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The Biggest Differences Between SF 49ers Fans and Oakland Raiders Fans

49er fans don their red and gold, and cheer on the defense
49er fans don their red and gold, and cheer on the defenseDoug Pensinger/Getty Images
Dan MoriCorrespondent IApril 17, 2012

The San Francisco Bay Area is one of only three markets where only a few miles separate two NFL franchises. The others are New York and the Baltimore-Washington DC area.

The San Francisco 49ers and Oakland Raiders are two organizations with extremely different backgrounds. The 49ers were pigeon-holed as being all finesse and precision, while the Raiders were the overly aggressive, dirty team.

If you were to take a look at the two teams today, it is actually the 49ers who are the tougher, more physical team. Under head coach Jim Harbaugh, the 49ers like to pound you with the running of Frank Gore, and control the ball with the short passing game. They rely on their strong, imposing defense to win games.

Now, the 49ers have made some offseason moves to bolster a weak receiving corps. However, under Harbaugh, you can bet that the 49ers will always be a very physical team that will try to beat you up on both sides of the ball.

In recent years, it has actually been the Raiders who have gone to more of the speed and finesse game, especially on offense. The Raiders' top running back is the fast, dynamic Darren McFadden

Some outlandish costumes are found in Oakland's Black Hole
Some outlandish costumes are found in Oakland's Black HoleStephen Dunn/Getty Images

Oakland also possesses great speed and quickness with receivers Darrius Heyward-Bey, Denarius Moore, Jacoby Ford and Louis Murphy. It is the Raiders who like to stretch the field and throw the ball deep.

The two fanbases are very different, but in many ways, also very similar. 

The characterization is that 49er fans are more wealthy and spoiled. They are white, wine-sipping, quiche-eating snobs.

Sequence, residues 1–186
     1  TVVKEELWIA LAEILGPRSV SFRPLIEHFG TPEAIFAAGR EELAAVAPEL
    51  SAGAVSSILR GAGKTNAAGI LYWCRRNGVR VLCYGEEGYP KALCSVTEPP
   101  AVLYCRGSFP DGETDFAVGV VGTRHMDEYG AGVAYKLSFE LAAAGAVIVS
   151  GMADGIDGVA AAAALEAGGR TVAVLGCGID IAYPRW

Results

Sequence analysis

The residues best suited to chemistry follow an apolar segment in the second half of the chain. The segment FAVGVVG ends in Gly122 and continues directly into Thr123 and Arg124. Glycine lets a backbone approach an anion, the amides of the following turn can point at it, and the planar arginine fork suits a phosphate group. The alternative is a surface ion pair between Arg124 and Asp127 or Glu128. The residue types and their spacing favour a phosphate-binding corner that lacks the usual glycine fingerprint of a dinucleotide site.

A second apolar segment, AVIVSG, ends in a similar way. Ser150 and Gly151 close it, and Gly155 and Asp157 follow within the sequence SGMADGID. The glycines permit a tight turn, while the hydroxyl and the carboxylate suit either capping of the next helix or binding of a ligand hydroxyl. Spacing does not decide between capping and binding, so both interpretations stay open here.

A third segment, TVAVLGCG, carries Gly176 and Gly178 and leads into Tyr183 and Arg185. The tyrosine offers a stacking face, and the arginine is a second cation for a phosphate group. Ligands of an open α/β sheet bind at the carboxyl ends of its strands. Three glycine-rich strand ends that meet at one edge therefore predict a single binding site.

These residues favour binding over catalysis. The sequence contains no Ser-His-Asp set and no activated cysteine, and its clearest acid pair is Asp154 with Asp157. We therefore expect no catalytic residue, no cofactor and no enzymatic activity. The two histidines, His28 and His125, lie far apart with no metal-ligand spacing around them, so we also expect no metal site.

Meanwhile, across the bay into Oakland, the Raider fans are characterized as belligerent thugs and hoodlums. They are blue-collar people, with a tough, aggressive mindset.

In reality, outside of the 10 percent of fans who actually match these stereotypes, the fanbases of each franchise is a lot more similar than different. Both sets of fans are very knowledgeable about the sport and very passionate about their respective teams.

As the 49ers prepare to complete their move to their shiny new state-of-the-art stadium in Santa Clara, it will only serve to further perpetuate the perception of the 49ers and their fans as the rich snobs of the Bay Area.

Meanwhile, the Raiders are in Oakland, playing in an old, dingy stadium, which perpetuates the       blue-collar persona of the Raiders and their fans.

I am a huge 49er fan and have several friends and relatives who are Raider fans. Do 49er fans all wear slacks and drink wine at their tailgate parties?

Do all Raider fans wear black face paint and sinister looking outfits, drinking only beer or Jack Daniels when tailgating?

The answer is that most fans—again, outside of the 10 percent who really do fit these stereotypes—are grilling hot dogs, chicken or burgers and drinking beer at their respective parties. Both sets of fans cheer loudly for their team and boo the opposition.

Sadly, there are also some thugs and those who are looking for a fight at both venues.

The fans of the 49ers and Raiders are a lot more alike than different. The bottom line is, both are   intensely loyal to their team. In the end, that's all that really counts.

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